Time Killing Post P&R Simulation

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   I have a moderately big design (~250K equivalent ASIC gates) in
Vertex FPGA. The post place & route simulation in Modelsim takes hours
together for simulating about 2-3 ms of input data. This is a time
killing step in my  product development lifecycle. Moreover if some
timing errors occur (evenafter analyzing P&R static timing) more
syn-map-par-sim iterations are required with modified timing
constraints or higher effort levels etc.
   There are some recent developments in EDA tools like Mentor
Graphics' VStation which cater to problems like I am facing by
"actually" simulating on the target hardware. But they are toooooooooo
costly (I don't know what makes EDA tool companies to fix such a high
price for their products)
   Is there any alternate way of simulating my design ?


Re: Time Killing Post P&R Simulation
Hi -

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Are you implying that you see timing failures in post-route simulation
that static analysis doesn't reveal?  Have you reported this to

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What's your motivation for doing post-route simulation?  Why not just
simulate your pre-synthesis code, and use post-route static timing
analysis to confirm the timing?

I've been doing FPGA design for years, and can count the number of
times I've done post-route simulation on the fingers of one hand.
It's something I resort to only if I suspect that the place and route
tool has a bug that's producing a faulty design.  (I mean, this is
something I *always* suspect to one degree or another, but usually I
can allay my fears in some less time-consuming a way--looking at the
post-map trim list, using the FPGA editor, etc.)  And if I think the
synthesizer is causing problems, I'll do a post-synthesis simulation.

The value (or lack thereof) of post-route simulation has been debated
here before; take a look in the archives.

Bob Perlman
Cambrian Design Works

Re: Time Killing Post P&R Simulation

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I agree. If an FPGA design is 100% synchronous,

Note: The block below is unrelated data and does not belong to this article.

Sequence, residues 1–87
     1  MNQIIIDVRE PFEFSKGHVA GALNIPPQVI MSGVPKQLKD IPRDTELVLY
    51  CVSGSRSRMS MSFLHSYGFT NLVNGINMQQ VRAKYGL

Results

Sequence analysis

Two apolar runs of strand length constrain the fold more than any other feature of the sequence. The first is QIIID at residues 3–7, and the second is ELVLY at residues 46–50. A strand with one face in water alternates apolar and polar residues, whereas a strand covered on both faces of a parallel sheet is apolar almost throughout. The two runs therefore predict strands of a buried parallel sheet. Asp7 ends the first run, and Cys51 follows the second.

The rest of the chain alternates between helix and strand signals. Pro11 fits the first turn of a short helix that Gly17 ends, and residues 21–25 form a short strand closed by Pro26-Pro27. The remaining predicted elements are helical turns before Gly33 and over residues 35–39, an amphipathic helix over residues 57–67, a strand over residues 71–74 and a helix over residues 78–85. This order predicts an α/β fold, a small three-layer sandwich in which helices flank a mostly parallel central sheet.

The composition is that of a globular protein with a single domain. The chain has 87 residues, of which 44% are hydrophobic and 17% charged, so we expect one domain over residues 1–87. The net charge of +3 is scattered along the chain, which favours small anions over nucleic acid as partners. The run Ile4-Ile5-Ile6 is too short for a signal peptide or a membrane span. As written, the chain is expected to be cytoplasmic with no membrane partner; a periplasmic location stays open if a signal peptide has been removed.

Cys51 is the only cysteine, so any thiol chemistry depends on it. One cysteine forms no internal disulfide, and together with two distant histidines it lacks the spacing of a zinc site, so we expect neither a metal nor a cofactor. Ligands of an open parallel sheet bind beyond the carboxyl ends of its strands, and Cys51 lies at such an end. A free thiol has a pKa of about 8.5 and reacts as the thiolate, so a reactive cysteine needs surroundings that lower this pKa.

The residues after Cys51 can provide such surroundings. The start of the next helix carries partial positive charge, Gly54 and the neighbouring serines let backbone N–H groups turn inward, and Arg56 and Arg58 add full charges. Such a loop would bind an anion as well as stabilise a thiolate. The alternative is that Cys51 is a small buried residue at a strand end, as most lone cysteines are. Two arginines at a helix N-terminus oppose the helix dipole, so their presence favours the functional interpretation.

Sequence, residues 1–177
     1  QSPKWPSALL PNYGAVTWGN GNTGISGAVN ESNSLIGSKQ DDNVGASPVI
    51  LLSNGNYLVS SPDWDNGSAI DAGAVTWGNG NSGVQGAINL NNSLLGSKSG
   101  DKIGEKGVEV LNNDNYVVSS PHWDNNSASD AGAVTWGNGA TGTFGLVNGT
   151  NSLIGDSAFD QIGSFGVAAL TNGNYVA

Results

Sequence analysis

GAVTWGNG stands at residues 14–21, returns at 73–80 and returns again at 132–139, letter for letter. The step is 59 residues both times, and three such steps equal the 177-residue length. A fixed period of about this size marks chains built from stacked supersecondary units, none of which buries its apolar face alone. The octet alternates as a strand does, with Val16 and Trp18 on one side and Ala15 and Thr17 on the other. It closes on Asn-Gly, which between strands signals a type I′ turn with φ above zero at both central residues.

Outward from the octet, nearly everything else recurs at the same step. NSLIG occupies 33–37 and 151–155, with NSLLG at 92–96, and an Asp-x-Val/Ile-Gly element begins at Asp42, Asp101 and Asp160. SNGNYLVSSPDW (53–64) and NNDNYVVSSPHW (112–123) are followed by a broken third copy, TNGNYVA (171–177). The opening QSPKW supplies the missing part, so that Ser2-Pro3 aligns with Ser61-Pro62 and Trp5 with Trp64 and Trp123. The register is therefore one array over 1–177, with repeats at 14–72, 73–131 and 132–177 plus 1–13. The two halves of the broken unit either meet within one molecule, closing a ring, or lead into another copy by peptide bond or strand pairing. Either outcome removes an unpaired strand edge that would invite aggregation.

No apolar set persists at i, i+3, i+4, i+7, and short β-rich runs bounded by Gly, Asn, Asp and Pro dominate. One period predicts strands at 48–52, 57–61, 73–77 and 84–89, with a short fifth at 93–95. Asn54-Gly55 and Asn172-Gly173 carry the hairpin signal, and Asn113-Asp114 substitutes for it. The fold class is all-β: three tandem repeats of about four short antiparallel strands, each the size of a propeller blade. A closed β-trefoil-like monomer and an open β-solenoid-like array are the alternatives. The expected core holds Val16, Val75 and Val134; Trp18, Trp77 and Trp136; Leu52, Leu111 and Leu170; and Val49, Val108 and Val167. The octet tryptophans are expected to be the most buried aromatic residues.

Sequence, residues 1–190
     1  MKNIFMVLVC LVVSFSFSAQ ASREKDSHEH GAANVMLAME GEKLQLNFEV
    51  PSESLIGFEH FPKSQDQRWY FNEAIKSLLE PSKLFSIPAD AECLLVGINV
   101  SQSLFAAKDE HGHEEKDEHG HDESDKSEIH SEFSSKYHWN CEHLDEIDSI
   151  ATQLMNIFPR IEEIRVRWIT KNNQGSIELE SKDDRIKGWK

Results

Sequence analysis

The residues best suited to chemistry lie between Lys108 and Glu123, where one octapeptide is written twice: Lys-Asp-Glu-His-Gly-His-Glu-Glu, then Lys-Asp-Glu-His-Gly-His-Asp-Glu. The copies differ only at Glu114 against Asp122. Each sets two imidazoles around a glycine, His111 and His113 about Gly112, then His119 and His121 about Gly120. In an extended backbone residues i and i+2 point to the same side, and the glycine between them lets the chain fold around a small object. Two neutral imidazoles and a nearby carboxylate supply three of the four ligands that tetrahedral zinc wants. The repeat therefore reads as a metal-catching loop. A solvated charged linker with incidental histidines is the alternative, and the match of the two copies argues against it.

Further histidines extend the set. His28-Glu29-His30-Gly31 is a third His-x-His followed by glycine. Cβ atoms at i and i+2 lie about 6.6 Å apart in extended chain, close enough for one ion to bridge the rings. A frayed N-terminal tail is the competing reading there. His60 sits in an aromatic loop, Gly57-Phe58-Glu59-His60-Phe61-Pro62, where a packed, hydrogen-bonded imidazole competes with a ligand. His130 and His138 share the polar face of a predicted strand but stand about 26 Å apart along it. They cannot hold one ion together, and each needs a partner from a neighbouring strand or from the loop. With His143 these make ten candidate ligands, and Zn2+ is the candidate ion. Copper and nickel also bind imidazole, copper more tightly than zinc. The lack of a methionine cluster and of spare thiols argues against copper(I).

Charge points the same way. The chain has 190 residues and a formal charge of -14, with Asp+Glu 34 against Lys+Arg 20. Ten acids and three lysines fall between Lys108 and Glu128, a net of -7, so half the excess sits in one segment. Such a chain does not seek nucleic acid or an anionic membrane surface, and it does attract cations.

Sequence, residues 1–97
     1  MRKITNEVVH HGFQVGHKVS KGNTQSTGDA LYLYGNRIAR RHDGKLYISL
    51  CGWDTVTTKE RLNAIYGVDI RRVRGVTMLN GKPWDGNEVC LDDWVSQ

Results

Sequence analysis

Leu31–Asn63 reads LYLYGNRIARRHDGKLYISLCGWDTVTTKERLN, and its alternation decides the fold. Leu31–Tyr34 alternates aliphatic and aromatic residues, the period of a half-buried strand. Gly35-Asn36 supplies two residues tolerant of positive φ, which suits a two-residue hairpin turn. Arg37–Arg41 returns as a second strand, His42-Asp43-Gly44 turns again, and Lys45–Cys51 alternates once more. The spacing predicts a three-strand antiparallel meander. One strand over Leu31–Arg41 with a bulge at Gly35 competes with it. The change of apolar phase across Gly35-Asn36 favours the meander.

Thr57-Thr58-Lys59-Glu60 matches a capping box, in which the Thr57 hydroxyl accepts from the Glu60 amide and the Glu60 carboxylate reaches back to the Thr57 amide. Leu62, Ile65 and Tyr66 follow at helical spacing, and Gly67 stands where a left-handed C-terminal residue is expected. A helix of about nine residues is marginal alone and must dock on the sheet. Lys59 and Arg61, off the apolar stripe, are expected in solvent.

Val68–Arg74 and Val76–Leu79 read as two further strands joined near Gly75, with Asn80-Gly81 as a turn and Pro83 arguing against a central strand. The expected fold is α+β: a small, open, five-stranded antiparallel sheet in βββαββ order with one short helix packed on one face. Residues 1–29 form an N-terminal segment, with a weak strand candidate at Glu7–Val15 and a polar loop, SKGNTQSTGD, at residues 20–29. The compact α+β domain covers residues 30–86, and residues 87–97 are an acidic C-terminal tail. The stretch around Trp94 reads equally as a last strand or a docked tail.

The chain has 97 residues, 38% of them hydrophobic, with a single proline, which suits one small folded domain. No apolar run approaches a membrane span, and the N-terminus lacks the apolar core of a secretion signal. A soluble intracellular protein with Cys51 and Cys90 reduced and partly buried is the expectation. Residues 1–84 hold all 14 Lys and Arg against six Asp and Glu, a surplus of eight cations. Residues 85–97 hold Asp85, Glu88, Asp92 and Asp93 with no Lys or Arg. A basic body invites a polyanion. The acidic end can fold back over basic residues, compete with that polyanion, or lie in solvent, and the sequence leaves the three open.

sims functionally, and passes post-route static timing,
post-synth/route simulation is rarely indicated.

  -- Mike Treseler

Re: Time Killing Post P&R Simulation
On Thu, 11 Sep 2003 10:07:27 -0700, Mike Treseler

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I find it a useful crutch when you don't understand the way the timing
constraints work ... and the details of their syntax is not always
clear! but that need is reduced with more experience.

OTOH ... when the design is not 100% synchronous ... I have found errors
(** mostly mine! :-) crossing clock domains when I synchronised
handshake signals incorrectly. It's a useful tool in the armoury, to
pull out when things go wrong, but I agree it shouldn't be in the normal
development loop.

Related question: if you have one or two FF's in the entire design
dedicated to resolving metastability, you want to turn off their Tsu/Th
checks, since their whole point is to encounter setup/hold violations!

How do you do that for these individual FF's while leaving all the other
checks in place? (to catch any uncovered domain-crossing signal paths)
I resorted to inserting To_01() in the relevant signals in the
gate-level netlist by hand, which was untidy, but tolerable for the
(mercifully few) passes I needed, but there HAS to be a better way...

** but the FIFO solution from Xilinx app note ???(I forget which) also
"failed" post-route sim, coming out of reset. It only brings one reset
line out, which is used for both clock domains internally. I modified it
to bring out a reset in each clock domain, since I ran the incoming
reset through a synchroniser for the rest of my logic anyway.

Call me paranoid? In real life I doubt it matters, but in sim, once
"reset" put the counters into an indeterminate state, it never

- Brian

Re: Time Killing Post P&R Simulation

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related thread:


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Reliability comes from getting the details right.
Writing your own code is one way to do it.

    -- Mike Treseler

Re: Time Killing Post P&R Simulation

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We've started doing post route simulation of a design we are
working on, and we are finding that xst is being "surprising".
It's been not matching pre-synthesis simulation. We've been
finding bugs in the synthesis results. Yikes!

Steve Williams                "The woods are lovely, dark and deep.
steve at icarus.com           But I have promises to keep,
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Re: Time Killing Post P&R Simulation
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Can you provide any specifics?  What sorts of errors are you finding?
Is the synthesis not right?  Are circuits being "optimized" incorrectly
by the P&R software?  Timing issues?  


Rick "rickman" Collins

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